Health Services Research & Development

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JGIM Supplement Features Ten Articles by VA Researchers on Next Generation Clinical Performance Measures

March 28, 2016

Funded by VA's Health Services Research and Development (HSR&D) Service, this Journal of General Internal Medicine (JGIM) Supplement is the product of an HSR&D sponsored state-of-the-art (SOTA) conference titled "Next Generation Clinical Performance Measures: Patient-Centered, Clinically Meaningful, and High-Value," which was held in 2014. A Call for Papers was issued following the SOTA, and 10 articles were accepted for publication in this special Supplement. Published papers discuss empirical research on the effects of performance measurement on improvements in clinical care, as well as on unintended outcomes (e.g., inappropriate treatment or over-treatment). Papers also describe new methods and methodological challenges in the selection and creation of performance measures that incorporate measures of benefit and harm, value, or patient preferences, and also present research on the implementation of performance measures that address human factors, incentives and facilitators, barriers, and expected and unintended consequences. A few of the measures and findings discussed include:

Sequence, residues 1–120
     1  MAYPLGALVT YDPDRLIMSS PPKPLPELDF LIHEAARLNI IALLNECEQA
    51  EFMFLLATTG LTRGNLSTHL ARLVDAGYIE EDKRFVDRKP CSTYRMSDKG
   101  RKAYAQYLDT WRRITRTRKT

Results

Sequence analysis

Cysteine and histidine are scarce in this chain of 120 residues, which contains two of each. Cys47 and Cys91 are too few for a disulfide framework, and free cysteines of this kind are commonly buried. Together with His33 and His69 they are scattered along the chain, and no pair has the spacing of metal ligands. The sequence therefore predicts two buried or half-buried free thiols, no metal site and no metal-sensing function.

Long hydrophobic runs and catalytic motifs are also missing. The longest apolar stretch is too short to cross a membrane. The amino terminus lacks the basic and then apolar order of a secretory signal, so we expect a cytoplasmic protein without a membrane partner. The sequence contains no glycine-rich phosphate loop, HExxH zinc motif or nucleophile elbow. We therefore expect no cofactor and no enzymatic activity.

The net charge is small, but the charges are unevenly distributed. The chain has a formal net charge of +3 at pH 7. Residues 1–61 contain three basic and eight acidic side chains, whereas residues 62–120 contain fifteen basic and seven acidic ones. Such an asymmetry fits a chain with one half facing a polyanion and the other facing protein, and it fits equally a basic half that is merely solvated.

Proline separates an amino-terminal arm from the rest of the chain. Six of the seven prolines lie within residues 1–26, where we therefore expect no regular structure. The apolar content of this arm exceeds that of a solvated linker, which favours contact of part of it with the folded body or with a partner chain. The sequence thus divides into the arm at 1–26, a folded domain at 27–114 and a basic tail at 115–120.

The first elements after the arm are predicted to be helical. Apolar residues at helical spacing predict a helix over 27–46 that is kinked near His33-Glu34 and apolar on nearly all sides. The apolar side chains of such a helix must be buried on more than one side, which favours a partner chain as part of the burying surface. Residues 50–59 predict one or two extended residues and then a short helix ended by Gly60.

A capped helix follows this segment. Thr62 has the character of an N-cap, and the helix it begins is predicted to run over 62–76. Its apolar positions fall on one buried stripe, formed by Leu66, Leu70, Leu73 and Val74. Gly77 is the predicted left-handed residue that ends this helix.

• Phibbs and colleagues developed stroke electronic clinical quality measures that are part of the Meaningful Use (MU) program to improve inpatient stroke care. They found that stroke MU indicators can be accurately generated from existing VA electronic health record (EHR) data, with nearly a 90% match to chart review.
  • Farmer and colleagues developed electronic, population-based quality metrics for depression care. They found that despite rapid growth in the primary care population in VA from FY2000-2010, the detection of new episodes of depression (8%) and minimally appropriate treatment rates (84%) remained stable. This suggests that VA was able to maintain a standard of care while treating significantly more patients each year.
  • Harris and colleagues implemented a substance use disorder continuity-of-care quality measure in VA Network Directors' performance contracts, and found it was associated with an increase in measured performance from 23% before the measure was implemented to 48% by the end of the study.

Journal of General Internal Medicine. April 2016;31(1 Suppl):1497-1525. Free online access is available via VA computers only.